In 2008, Sean Grace was helping one of his graduate students with her thesis on kelp growth in Long Island Sound. Back then, finding suitable specimens to study was easy. The region’s kelp beds were abundant and thriving, like a plush and well-maintained lawn carpeting parts of the sound’s rocky coastline.
“The kelp beds were so thick that in some areas you couldn’t put your hand down without putting it on multiple kelps,” recalled Grace, a marine biologist and associate professor of biology at Southern, who has been diving in the sound for two decades.
Today, he doubts he could find enough to adequately conduct the research. “You barely see any kelp out there,” he said.
Kelp is a type of brown algae found in underwater forests.
Grace, who co-directs Southern’s Werth Center for Coastal and Marine Studies, is working to document that dramatic decline, which scientists and divers have been reporting anecdotally over the last several years. He is one of a worldwide network of marine scientists who make up the Kelp Ecosystem Ecology Network, or KEEN, an organization attempting to examine the effects of global climate change on kelp habitats.
Scientists aren’t sure what’s decimating the kelp population in the Sound, but Grace said it is likely rising water temperatures are making the environment too warm for kelp, which prefers colder waters.
Long Island Sound is the southernmost point on the East Coast where kelp beds grow naturally, Grace explained. While kelp beds in waters north of Cape Cod remain healthy and plentiful, once-covered spots in the sound and in Rhode Island’s Narragansett Bay are now bare, except for “a few algae here and there,” Grace said.
Around the world, other coastal spots on the fringes of where kelp beds usually thrive are seeing similar drops, he said.
“When we think about climate change, the oceans are getting warmer and the warmer water from down south is going to start encroaching into Long Island Sound. That’s really going to change the dynamics of the species that are found here,” Grace said. “From a scientist’s standpoint, it’s a really cool natural experiment to watch. But when you think about the effects of it, it’s going to be colossal.”
The decline of the seaweed forests is a huge loss, said Grace, not only for divers who admire their beauty, but for the rich collection of marine life that gets its food and shelter from the kelp beds. Kelp serves as a natural habitat for everything from fish, crabs and urchins to a multitude of invertebrates. It also keeps the Sound healthy by producing oxygen and collecting pollutants from the water, said Grace, who holds both a master’s and a doctoral degree in biological sciences from the University of Rhode Island.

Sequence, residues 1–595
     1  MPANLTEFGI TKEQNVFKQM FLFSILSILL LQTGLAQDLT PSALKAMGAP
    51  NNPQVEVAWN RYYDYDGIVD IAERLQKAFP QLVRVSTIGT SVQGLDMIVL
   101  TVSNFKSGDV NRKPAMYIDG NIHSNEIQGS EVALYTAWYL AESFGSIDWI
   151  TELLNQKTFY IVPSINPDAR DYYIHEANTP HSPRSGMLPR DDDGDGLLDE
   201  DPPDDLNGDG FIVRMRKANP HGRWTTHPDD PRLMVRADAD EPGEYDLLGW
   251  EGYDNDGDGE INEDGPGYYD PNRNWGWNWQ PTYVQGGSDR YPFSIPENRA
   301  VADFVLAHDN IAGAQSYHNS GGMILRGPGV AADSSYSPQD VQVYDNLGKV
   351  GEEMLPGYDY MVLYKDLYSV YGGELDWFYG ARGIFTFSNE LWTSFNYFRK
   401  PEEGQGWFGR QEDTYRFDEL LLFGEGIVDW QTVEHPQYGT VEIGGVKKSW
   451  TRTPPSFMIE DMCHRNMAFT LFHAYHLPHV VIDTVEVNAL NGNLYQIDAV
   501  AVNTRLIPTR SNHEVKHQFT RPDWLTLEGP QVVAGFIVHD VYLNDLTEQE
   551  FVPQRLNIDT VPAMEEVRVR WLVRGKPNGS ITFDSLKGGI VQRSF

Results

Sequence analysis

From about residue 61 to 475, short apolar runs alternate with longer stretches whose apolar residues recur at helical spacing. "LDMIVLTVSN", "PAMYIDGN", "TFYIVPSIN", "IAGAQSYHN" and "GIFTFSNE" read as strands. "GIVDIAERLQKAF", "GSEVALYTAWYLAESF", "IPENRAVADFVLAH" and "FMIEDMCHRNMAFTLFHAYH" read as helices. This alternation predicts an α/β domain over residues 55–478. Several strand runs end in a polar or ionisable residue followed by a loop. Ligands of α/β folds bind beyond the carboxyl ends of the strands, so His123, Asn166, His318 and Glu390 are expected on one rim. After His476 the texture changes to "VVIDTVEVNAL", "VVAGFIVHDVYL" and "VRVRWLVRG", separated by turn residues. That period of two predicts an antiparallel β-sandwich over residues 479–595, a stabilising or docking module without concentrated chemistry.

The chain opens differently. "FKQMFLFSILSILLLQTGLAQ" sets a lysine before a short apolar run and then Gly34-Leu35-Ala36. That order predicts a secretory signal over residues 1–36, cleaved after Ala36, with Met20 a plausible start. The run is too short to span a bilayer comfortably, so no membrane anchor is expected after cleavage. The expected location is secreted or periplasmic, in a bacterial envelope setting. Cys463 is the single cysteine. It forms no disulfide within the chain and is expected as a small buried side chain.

“The greater diversity you have, the healthier the system,” Grace said. “Without these beautiful three-dimensional structures under water, all of those other species will just disappear.”
While some fisherman have been successful growing kelp in Long Island Sound for use in the food industry, the farmed variety does not offer all of the same environmental benefits, he noted. “They’re having great success and that’s good to hear, but these are literally ropes that are seeded with baby kelp and hanging in the water. It’s not a natural kind of setting,” Grace said.
Grace said his research will look at kelp beds throughout the Sound with known kelp habitats, including Branford’s Thimble Islands and spots off the north coast of Long Island. In addition to comparing existing kelp populations to those documented in previous studies, Grace said he will collect data on water temperature, acidity, dissolved oxygen levels and other conditions to try to pinpoint the cause of the decline.
“We’re looking at a whole lot of causes that might be affecting this, anything from temperature changes to an invasive species coming in and out, although we haven’t seen much evidence for that,” Grace said.
Jarrett Byrnes, assistant professor of biology at UMass Boston, and Aaren Freeman, associate professor of biology at Adelphi University in Long Island, are collaborating on the project.
Grace said Southern’s inclusion in the global endeavor is “a major step forward for the sciences” at the university. With 25 percent of the world’s coastlines covered with kelp forests, the research is expected to have far-reaching implications.
“Having a better understanding of what’s taking place when it comes to temperature or anything else we might find is definitely going to have a worldwide effect,” Grace said. “Understanding these ecosystems is really critical to predicting what might happen to them in the future.”